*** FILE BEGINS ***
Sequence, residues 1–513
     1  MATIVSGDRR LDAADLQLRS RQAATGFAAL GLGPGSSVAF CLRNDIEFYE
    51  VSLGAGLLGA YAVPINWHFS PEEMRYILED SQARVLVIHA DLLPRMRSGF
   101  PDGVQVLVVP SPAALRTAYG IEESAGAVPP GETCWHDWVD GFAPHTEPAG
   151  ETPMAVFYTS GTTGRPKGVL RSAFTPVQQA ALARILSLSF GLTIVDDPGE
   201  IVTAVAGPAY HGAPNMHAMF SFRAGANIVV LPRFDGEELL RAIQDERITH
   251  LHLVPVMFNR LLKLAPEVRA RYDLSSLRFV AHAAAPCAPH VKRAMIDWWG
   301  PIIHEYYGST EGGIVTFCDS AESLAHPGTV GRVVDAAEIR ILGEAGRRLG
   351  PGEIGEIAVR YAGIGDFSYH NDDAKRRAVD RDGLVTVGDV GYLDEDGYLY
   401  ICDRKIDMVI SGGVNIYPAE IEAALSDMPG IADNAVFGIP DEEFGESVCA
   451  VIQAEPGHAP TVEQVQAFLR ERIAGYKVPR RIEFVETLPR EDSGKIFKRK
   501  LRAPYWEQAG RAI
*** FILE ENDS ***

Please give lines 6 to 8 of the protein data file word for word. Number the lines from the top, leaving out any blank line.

   201  IVTAVAGPAY HGAPNMHAMF SFRAGANIVV LPRFDGEELL RAIQDERITH
   251  LHLVPVMFNR LLKLAPEVRA RYDLSSLRFV AHAAAPCAPH VKRAMIDWWG
   301  PIIHEYYGST EGGIVTFCDS AESLAHPGTV GRVVDAAEIR ILGEAGRRLG